The new deep learning models are voracious consumers of data, which is great, because PayPal has reams of data to feed it.
“With deep learning, we noticed that it scales a lot better,” Wang says. “The more data we throw in we see the performance continue to increase, to improve. At PayPal, we never have a lack of data! We have a lot of data. So we are now able to throw hundreds of millions of data [points] into our training properties and we are seeing a clear delta.”
Deep learning is a voracious consumer of something else: processor capacity. Instead of deploying its new deep learning system on traditional CPUs, the company opted to use Nvidia T4 GPUs. Using GPUs allowed PayPal to lower its server capacity by a factor of 8x compared to deploying on traditional CPUs, PayPal’s CTO Sri Shivananda said in a March blog post.
The performance of the deep learning models tracks closely with the amount of horsepower the company puts behind it, Wang says. “The performance improvement is highly corrected with the computing power,” she says. “We see business performance scale with the amount of computing power.”
Feeding the DL Beast
All things being equal, more data is always better, so having a deep learning system that can work with more data is better. But the deep learning benefits accrue to PayPal in different ways, according to Wang.
For starters, the new deep learning approach lets PayPal vary the types of data that it’s using to predict which users, transactions, or locations are likely to be fraudulent, or associated with fraud.
“Today we are throwing what we call features into the DL monster. But the real value of DL will come if we start to throw in raw events,” Wang says. “You’re talking about maximizing or capitalizing the large amount of data that PayPal has.”
The number of tunable parameters available to PayPal has also increased. With the neural networks and GBTs used in phase two, the company might have a few tens of parameters to tune.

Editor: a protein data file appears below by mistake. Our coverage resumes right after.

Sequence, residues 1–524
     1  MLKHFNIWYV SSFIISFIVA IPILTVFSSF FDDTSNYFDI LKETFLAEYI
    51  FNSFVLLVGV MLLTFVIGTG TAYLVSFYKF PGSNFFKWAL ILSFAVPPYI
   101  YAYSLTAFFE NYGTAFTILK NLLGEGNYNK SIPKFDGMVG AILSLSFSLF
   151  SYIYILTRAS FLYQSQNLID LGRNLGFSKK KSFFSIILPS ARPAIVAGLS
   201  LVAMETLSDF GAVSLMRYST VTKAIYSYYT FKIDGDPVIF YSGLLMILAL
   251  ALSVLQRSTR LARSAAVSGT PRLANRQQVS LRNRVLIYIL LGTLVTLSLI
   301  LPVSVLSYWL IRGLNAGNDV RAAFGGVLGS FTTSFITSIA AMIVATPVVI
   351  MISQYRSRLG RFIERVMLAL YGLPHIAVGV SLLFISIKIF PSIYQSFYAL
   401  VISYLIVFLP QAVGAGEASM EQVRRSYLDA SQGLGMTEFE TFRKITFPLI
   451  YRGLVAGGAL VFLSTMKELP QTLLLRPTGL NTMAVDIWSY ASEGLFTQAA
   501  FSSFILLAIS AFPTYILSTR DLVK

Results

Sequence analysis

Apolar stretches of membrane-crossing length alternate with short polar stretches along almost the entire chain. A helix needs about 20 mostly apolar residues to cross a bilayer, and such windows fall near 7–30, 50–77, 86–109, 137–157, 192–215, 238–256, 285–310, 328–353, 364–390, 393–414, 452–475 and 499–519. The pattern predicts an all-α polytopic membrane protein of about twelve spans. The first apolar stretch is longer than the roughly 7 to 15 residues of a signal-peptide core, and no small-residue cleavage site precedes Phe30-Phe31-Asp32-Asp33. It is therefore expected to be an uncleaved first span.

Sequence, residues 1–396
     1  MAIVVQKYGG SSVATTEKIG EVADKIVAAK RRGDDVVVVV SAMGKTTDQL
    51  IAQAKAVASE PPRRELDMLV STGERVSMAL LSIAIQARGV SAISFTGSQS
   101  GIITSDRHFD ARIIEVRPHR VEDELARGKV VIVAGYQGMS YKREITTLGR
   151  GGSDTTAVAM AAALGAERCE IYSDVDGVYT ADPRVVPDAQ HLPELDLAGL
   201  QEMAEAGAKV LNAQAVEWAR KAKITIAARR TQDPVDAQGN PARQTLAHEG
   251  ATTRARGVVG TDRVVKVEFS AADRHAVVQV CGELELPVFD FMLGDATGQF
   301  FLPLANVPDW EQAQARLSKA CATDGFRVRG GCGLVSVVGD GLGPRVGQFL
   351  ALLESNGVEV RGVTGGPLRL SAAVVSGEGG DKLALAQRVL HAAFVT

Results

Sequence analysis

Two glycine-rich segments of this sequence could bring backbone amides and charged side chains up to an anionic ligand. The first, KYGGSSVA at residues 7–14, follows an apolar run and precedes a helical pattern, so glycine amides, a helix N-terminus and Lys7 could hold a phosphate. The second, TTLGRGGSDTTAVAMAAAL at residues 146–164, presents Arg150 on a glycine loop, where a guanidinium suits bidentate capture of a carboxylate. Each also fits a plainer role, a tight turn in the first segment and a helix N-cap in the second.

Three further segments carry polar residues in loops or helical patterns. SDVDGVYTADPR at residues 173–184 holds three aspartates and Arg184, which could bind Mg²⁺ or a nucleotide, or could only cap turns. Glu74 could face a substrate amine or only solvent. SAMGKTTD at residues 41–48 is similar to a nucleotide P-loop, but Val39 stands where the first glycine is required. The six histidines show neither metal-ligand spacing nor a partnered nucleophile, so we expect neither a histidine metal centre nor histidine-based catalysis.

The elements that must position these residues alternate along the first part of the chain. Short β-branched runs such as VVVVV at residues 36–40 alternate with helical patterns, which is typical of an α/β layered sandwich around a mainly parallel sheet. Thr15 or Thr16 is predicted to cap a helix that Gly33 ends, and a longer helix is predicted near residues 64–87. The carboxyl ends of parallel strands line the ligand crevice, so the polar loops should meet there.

But with deep learning, PayPal’s data scientists have hundreds or even thousands of parameters they can work with. This has a direct impact on the company’s ability to fight fraud, Wang says. “The more parameters we tune, we can get to more granularity of our performance,” she says. “So it’s to be able to maximize or optimize performance.”
Deep learning is also bolstering PayPal’s ability to utilize technology developed in other domains and transfer it to the fraud-detection business, Wang says. That’s something the company did with GBTs and neural networks in its second phase, but it required a lot of human handholding. That is being automated with deep learning, she says.
“In the image recognition area….there are some generic classifiers that everyone uses. You take the generic classifier and you fine tune it for your own purpose,” she says. “Deep learning provides very easy, very natural way for us to learn across different domains, and then do transfer learning. This is really good for PayPal because we have a lot of different domains we can learn and cross train from.”
A Never-Ending (Fraud) Journey
PayPal is in the middle of the third leg of its deep learning and AI journey. But that doesn’t meant the company – which uses a variety of tools and languages, including R, Python, TensorFlow, and H2O – is any closer to the end. In the fraud-fighting business, just as it does in the fraud-perpetrating business, the work continues every day.
“We’re still in the middle of it. The technology is still evolving,” she says. “We’re trying to make sure we can stay ahead of it a little bit to make sure we continue to beef up our fraud detection system so we can protect our good customers and leave the bad guys out.”
By all accounts, PayPal’s fraud-fighting system is world class. While the company refused to discuss specifics, other sourcespeg its losses to fraud at around 32 basis points (0.32%), which would place it in the top quartile for merchants. Considering that the company processed $235 billion in transactions for its customers last year, the $300 million that it spent fighting fraud would seem to be a good investment.
“Protecting customers is our top goal. We want to provide our customers the most convenient, fastest, and safest [transaction],” Wang says. “The cost of a mistake for our AI solution is a lot higher than the cost of a mistake from AI in another domain, like image recognition. So we need to be very careful.”
This article originally appeared in sister publication Datanami.